How do you travel Gluten-Free?

travel

Ah… the joy of travel. But only until your cravings kick in and your stomach rumbles.

If you are visiting a place for vacation, things commonly enjoyed are the sights, the fun activities,  and of course, the F-O-O-D. If you’re on business, eating the local food would be one of the ways you can enjoy a place, even if only incidentally.

But being celiac or gluten-intolerant, or just having food allergies of any kind, you already know how it is to try to relax when you don’t know where your next safe food will be coming from.

So, what to do?

Preparation is key. Take the attitude that with just a bit of time and effort, maximizing your vacation is in  your hands, and it will be well worth it.

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1 – Visit online forums especially for gluten-free dining in advance and find out which locally serves food that fit the gluten-free diet. Luckily, you’re not alone in your quest for a hassle free vacation. You’ll be surprised how many are willing to make suggestions and give you useful information on where to eat and what to avoid in your destination. Post your questions in forums at least 2 weeks in advance so that you have time get substantial replies from fellow planners like yourself.

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2 –  However, if you would like to give the planning to someone else, there are resources that organize vacations and travel around the world that are especially gluten free. They reduce the worrying and the nitty gritties to a minimum. Since they specialize in gluten-free travel, they will have more options for you to choose from, and can make travel a treat, and especially if you’re travelling with your friends or family. One such company is:

https://glutenfreetravelsite.com/glutenfreegetaways.php

3 – Have a list of things you that you know are absolutely gluten-free including food items and brands. If you are unsure of fast food places, restaurants or even your food available at your hotel, visiting your nearest grocery store will be the next best thing. Especially, where the language barrier poses additional challenge, googling which familiar gluten-free brands are available locally will save you a lot of worry and headache of trying to find the safest items on the shelves.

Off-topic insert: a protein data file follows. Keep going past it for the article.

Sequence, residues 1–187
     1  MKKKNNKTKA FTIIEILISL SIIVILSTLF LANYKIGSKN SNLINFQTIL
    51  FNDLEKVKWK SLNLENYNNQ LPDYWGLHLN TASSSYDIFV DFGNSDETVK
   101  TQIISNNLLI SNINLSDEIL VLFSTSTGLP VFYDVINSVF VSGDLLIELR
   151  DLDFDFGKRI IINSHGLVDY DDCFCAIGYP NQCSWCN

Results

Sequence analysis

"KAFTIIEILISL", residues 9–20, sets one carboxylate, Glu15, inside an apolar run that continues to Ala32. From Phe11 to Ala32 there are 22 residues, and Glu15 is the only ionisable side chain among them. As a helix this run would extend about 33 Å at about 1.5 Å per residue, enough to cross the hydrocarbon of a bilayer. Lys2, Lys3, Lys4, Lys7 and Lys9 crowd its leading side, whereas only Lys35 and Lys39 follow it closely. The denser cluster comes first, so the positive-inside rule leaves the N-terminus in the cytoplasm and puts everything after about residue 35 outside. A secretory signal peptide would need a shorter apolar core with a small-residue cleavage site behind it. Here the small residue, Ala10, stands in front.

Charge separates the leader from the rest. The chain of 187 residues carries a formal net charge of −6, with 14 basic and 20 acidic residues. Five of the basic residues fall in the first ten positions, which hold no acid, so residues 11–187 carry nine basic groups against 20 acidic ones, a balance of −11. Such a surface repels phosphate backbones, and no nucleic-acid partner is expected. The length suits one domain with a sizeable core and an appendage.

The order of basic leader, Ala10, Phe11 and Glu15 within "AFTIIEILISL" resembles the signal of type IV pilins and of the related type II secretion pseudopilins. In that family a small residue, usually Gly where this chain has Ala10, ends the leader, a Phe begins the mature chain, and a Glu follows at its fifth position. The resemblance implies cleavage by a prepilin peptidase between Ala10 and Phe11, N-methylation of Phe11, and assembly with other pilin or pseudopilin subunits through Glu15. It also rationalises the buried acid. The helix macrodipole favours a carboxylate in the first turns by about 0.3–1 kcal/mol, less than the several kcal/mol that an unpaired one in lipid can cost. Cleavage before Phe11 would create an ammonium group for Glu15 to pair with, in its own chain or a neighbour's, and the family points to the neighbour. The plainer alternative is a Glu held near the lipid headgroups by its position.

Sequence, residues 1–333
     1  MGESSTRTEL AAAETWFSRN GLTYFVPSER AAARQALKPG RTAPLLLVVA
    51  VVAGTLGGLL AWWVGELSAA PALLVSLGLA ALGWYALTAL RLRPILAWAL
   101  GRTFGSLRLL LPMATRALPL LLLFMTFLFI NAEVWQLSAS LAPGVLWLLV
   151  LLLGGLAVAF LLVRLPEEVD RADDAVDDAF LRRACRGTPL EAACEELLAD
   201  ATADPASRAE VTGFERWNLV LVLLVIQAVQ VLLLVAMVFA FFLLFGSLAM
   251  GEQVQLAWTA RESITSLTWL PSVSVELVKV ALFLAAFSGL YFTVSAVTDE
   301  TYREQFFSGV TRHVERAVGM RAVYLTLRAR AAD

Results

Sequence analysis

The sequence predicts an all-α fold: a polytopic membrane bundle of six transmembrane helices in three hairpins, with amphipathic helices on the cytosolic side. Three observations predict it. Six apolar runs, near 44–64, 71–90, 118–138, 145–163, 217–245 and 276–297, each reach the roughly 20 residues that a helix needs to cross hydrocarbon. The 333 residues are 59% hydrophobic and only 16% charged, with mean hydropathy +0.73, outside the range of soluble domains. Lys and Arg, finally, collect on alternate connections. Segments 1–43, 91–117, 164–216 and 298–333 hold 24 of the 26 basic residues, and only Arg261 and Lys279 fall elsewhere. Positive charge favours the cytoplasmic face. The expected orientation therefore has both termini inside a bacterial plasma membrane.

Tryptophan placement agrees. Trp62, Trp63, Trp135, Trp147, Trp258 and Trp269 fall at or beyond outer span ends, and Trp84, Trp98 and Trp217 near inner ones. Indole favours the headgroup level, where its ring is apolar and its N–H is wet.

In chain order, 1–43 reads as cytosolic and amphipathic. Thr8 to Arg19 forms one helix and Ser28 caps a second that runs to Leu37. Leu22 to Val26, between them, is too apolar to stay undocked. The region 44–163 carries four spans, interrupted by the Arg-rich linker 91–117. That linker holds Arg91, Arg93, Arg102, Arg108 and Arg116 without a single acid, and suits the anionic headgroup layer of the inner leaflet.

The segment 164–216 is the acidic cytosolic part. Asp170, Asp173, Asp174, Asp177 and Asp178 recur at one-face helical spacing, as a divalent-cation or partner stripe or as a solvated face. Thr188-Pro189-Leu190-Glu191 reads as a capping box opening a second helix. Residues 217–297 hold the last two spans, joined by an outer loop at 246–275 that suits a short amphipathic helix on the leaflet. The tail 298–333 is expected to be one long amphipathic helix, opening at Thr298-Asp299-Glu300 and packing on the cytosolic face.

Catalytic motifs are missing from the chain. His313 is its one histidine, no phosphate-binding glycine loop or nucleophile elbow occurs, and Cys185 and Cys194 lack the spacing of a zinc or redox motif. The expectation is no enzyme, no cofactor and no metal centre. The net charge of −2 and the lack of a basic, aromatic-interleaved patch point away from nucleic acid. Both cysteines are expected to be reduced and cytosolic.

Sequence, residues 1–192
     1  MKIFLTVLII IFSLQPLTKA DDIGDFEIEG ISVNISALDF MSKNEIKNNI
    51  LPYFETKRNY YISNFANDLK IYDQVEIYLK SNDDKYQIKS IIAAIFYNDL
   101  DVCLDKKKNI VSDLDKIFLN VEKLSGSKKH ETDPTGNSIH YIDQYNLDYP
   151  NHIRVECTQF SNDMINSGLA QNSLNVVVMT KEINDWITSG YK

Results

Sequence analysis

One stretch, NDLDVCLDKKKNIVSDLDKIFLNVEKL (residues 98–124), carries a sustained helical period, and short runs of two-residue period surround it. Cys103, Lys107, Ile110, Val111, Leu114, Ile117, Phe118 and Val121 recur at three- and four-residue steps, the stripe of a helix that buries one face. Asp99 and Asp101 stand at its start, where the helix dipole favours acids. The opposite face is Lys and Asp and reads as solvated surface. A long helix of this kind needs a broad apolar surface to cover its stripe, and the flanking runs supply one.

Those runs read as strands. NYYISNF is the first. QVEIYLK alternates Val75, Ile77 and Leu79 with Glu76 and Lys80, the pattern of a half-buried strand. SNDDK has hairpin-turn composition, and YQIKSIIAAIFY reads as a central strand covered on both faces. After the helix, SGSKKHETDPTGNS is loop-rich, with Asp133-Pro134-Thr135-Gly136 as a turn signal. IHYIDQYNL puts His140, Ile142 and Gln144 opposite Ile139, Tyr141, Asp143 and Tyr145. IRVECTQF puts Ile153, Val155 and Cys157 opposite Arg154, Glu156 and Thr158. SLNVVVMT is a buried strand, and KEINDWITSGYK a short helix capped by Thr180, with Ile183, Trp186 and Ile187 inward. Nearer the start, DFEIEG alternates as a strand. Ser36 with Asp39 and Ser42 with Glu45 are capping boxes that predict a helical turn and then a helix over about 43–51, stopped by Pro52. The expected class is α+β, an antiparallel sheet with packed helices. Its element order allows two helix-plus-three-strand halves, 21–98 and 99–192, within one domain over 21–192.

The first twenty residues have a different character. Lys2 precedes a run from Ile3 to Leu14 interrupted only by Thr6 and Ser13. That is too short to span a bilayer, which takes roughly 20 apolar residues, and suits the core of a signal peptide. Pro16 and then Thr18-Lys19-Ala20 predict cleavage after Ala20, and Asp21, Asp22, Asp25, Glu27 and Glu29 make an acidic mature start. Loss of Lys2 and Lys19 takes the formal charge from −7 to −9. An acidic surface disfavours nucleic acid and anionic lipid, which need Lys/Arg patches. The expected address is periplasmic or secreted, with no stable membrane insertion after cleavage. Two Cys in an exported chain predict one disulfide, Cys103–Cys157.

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4 – Be armed from the moment you walk out your door. Pack your own airport food.  It would make things so much easier if every bit of food is labeled, but especially in the Philippines, this not the case. Airport dining is limited to only a few restaurants and gluten-free dining is not a priority. No frills flights like Cebu Pacific, only have snacks that typically contain gluten

So, it is best to come prepared.

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However, some flights, like international flights of Philippine Airlines do offer some comfort to you if you’re gluten-free. PAL provides gluten-free meals in all classes, and gluten-free snacks may also be available. However, all special meals on airplanes must be ordered no less than 24 hours in advance. Take time to call.  

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5- When you can, pack some food items that will last a few days. Order gluten-free in advance from your go-to gluten-free shops. Online shops like Gerald.ph at http://shop.gerald.ph/gluten-free will deliver to your home so you don’t have to go out to buy these things especially.